While many Republican senators are staying mum, Trump’s biggest sycophant in the Senate, Lindsey Graham, is still trying to mount a loud defense of Trump. It hasn’t gone well lately. Graham wanted to send a letter to House Speaker Nancy Pelosi asserting that Republicans would not remove Trump from office over the Ukraine scandal. But Republicans like Sen. Tom Cotton (R-Arkansas) warned Graham that such a letter would endanger Senate Republicans up for re-election in 2020 by committing them to defending Trump. Graham watered down the nonbinding resolution to one that simply states that the House should “vote to open a formal impeachment inquiry” (which is not a requirement), and that Trump should have “fundamental constitutional protections,” but was still unable to get Senators Susan Collins (R-Maine), Lisa Murkowski (R-Alaska), or Mitt Romney (R-Utah) to sign it. Senate Majority Leader Mitch McConnell wouldn’t even commit to bringing the resolution to the floor, given it needs 60 votes in order to advance, and currently only has 50 cosponsors, according to Graham.

While Graham is Trump’s loudest defender, McConnell is his most powerful one. But as William Rivers Pitt has noted for Truthout, McConnell “is putting measurable daylight between himself and the Oval Office.” The majority leader wrote an op-ed condemning Trump’s withdrawal from Syria, but the piece didn’t mention Trump by name. Trump claimed that McConnell said the president’s call with Ukraine was “perfect.” But McConnell told reporters, “We’ve not had any conversations on that subject.”

It’s the kind of soft rebuke that doesn’t put McConnell firmly on either side; he’s keeping his options open. And since McConnell’s undying focus is the confirmation of judges, we can probably expect him to continue to protect Trump so long as the president doesn’t imperil the source of those judges: the GOP Senate majority.

The Republicans’ Senate majority looks more imperiled by the day. Democrats only need to gain three seats to break the GOP majority, and signs are growing that Trump’s cascading scandals may cost the very GOP seats McConnell must defend. Republican Sen. Cory Gardner of Colorado faces a tough re-election in 2020, and a poll from Oct 10-14 showed that in a hypothetical matchup between John Hickenlooper, the former Colorado governor and likely Democratic challenger, Hickenlooper led Gardner 53 percent to 42 percent.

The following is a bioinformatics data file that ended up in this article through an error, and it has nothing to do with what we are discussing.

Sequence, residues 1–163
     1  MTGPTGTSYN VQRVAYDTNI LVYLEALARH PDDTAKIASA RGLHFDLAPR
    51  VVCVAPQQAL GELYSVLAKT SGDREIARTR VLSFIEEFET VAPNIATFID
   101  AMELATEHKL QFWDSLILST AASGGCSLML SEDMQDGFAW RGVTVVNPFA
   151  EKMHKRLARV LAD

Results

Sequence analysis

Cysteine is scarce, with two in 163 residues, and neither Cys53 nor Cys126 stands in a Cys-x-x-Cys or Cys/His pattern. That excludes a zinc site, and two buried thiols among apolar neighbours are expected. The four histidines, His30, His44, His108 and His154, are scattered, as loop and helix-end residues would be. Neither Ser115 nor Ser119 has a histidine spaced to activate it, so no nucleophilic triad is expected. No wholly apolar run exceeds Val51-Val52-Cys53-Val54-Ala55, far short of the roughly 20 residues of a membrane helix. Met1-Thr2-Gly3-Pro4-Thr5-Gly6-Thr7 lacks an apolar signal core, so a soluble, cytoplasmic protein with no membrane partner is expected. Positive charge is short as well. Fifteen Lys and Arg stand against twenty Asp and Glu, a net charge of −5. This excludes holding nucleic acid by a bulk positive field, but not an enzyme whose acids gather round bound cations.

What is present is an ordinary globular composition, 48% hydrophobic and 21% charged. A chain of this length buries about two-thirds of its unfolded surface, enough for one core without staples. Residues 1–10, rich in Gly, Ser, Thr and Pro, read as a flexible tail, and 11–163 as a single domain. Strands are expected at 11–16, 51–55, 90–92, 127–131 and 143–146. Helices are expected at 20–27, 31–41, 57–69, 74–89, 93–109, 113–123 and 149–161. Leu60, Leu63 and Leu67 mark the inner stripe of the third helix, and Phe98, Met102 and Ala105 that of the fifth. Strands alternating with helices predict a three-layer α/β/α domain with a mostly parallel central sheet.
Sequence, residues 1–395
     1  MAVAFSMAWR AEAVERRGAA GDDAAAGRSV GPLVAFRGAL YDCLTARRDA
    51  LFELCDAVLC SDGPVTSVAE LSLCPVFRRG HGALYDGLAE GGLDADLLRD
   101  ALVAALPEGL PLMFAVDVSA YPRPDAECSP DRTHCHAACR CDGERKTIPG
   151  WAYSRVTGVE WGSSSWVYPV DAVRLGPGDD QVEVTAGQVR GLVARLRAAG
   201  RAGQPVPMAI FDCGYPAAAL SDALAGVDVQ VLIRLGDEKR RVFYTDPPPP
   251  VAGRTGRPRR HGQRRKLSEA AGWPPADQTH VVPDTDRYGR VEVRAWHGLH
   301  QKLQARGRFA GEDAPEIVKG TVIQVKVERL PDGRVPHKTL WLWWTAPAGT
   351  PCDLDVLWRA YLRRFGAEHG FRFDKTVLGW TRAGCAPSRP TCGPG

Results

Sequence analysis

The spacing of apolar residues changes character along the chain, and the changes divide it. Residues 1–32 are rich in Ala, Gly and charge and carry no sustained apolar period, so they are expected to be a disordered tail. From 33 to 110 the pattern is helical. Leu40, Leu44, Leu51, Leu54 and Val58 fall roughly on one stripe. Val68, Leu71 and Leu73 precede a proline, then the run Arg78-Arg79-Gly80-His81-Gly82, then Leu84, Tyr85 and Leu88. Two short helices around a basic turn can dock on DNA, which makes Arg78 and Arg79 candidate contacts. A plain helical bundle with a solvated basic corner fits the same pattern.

The same poll showed Trump’s unfavorable rating at 60 percent among the 500 active Colorado voters polled. Republican Susan Collins has only a 35 percent approval (and 50 percent disapproval) rating, and “trails a generic Democrat for reelection 44-41,” according to an Oct 15 poll by Public Policy Polling.

In Arizona, Republican Sen. Martha McSally was appointed to her seat following the death of Sen. John McCain. Astronaut and husband of former Rep. Gabby Giffords, Mark Kelly is challenging McSally. While polling post-Ukraine scandal isn’t available for Arizona, an August poll already showed Kelly with a five-point lead, and he’s also outraised McSally three quarters in a row.

In early October, it was reported that Trump was calling McConnell as many as three times a day, enraged by what he sees as disloyalty among the GOP caucus. Of late, McConnell is neither condemning Trump nor outright defending him. That’s not an accident. With at least three vulnerable GOP senators facing a tough 2020 race, and senators not even up for re-election like Murkowski and Romney refusing to endorse Graham’s meaningless resolution, Trump may have more to worry about than ever.